sunliquid® Technology: Advanced Biofuels that Support Thailand’s Decarbonization

Towards Net Carbon Zero

The world needs to dramatically reduce carbon emissions to limit global warming to below 2 degrees Celsius (preferably 1.5 degrees) compared to pre-industrial levels to avoid dangerous climate change, a goal agreed under the Paris Climate Agreement in 2015.

Faced with a growing energy crisis, record greenhouse gas concentrations and increasing extreme weather events, the recent 27th Conference of the Parties to the United Nations Framework Convention on Climate Change in the Egyptian town of Sharm el Sheik, is building on the Paris Agreement, from urgently reducing greenhouse gas emissions, building resilience, and adapting to the inevitable impacts of climate change.

Like the rest of the globe, Thailand relies heavily on fossil fuels for its energy needs, and according to the country’s 2021-2030 Action Plan on Nationally Determined Contributions, its greenhouse gas emissions are projected to increase to 555 Mt CO2 eq by 2030.

Indeed, last month the Energy Ministry Permanent Secretary, Kulit Sombatsiri, said that Thailand’s emissions from January to June 2022 were up 6.7% compared to the previous year due to an increase in energy consumption as the economy recovers from the COVID-19 pandemic. 39.2 million tonnes came from transportation and other sectors such as household and agriculture with the specific challenge that the proportion of internal combustion engine vehicles in the country is still much higher than electric vehicles.

Despite the challenges, Thailand is showing promising signs of decreasing energy and CO2 emission intensity however it is far from on track to reach its increased greenhouse gas emissions reduction goal of 40% agreed last year.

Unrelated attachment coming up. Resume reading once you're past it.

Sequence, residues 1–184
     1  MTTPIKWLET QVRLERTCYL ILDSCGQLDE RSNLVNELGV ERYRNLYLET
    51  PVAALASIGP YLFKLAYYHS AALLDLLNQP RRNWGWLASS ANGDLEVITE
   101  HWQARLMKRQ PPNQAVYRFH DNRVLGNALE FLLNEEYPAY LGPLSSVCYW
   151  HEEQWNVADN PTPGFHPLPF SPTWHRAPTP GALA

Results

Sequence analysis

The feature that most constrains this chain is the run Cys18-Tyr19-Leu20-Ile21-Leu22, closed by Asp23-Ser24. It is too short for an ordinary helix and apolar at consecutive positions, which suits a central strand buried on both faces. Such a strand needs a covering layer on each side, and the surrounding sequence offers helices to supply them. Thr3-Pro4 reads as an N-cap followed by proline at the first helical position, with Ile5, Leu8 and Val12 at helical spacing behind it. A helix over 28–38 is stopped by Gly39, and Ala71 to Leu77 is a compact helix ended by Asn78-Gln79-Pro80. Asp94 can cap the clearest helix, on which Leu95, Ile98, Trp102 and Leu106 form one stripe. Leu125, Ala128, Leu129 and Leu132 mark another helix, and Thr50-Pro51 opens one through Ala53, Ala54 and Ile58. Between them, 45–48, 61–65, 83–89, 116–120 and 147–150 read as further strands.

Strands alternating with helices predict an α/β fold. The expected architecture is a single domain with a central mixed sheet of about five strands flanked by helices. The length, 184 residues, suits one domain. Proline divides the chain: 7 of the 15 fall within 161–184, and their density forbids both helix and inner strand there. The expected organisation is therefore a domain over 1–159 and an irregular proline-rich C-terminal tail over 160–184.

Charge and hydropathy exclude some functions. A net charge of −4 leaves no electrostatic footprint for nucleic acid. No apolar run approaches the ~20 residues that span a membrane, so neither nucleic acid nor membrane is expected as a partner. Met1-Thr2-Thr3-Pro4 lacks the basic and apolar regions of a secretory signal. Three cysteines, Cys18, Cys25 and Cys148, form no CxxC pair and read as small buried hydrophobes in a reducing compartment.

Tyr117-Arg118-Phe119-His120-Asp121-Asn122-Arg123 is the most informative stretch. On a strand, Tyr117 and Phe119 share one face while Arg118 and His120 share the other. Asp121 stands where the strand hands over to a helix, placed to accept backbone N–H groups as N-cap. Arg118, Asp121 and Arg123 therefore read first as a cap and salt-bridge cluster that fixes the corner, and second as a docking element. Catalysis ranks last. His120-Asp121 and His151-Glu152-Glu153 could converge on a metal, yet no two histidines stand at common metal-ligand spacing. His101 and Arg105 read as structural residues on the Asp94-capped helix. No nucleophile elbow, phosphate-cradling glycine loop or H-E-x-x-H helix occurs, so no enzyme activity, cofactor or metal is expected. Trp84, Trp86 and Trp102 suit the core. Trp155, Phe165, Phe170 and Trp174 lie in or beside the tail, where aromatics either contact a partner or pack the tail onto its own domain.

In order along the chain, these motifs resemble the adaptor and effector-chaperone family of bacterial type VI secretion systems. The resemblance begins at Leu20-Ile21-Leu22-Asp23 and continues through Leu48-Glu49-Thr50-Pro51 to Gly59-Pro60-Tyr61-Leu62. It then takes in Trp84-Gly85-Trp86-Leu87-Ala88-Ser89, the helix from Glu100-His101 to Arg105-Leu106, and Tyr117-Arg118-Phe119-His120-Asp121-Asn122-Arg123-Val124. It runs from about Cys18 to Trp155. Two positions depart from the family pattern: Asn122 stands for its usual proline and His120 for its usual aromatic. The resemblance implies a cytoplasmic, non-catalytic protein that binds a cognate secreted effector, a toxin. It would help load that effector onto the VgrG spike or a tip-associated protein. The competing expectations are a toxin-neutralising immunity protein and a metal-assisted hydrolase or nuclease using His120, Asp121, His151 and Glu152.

Electric Vehicles (EVs): One Tool in the Box to help reduce emissions

There have been efforts from government agencies and related parties to provide support on guidelines and new technologies that can further reduce greenhouse gas emissions in Thailand. One example is the Electric Vehicle Policy, with an aim to ensure that 30% of all vehicles produced by 2030 are electric. Under this 30@30 scheme, the goal is for Thailand to produce and sell 440,000 electric cars and pick-up trucks, 650,000 electric motorcycles, and 330,000 electric buses/trucks respectively.

Whilst this is a positive ambition, there is a key challenge – the energy source that drives these EVs still needs transmission systems from existing power producers and in Thailand almost 90% of the fuel used to produce electric power comes from fossil fuels[1]. This means that currently, an EV that is being powered by the national transmission system can only reduce around 10% of CO2 emissions.

 At a rough estimate, by 2030, EVs will account for approximately 3% of all vehicles[2]. With less than 10% renewable energy in the national transmission system the reduction of CO2 from the transport sector through EVs based on the 30@30 scheme will only be around 0.3%. If the proportion of renewable energy in the system rises to 20% by 2030 (which is nearly impossible), the reduction of CO2 from EVs in the transport sector would still be at 0.6%.

Bioethanol: An available and tangible immediate solution being neglected

While EVs are an important long-term solution to reducing emissions, there is an immediately available solution that can, in parallel, support the transition to a low carbon economy. Thailand’s Alternative Energy Development Plan 2018-2037[1], for example, promotes the production and use of ethanol up to 7.5 million liters per day by 2037. It’s estimated that this will help to reduce CO2 emissions by up to 14%.

Today, ethanol makes up around 13% of total gasoline usage, already helping to reduce CO2 emissions by 10% which is about 5% of the entire transport sector. Despite this, the alternative fuel seems to generate a lukewarm response from the Ministry of Energy, with the agency more focused on EV promotion.

sunliquid® Technology and the commercial competitive advantages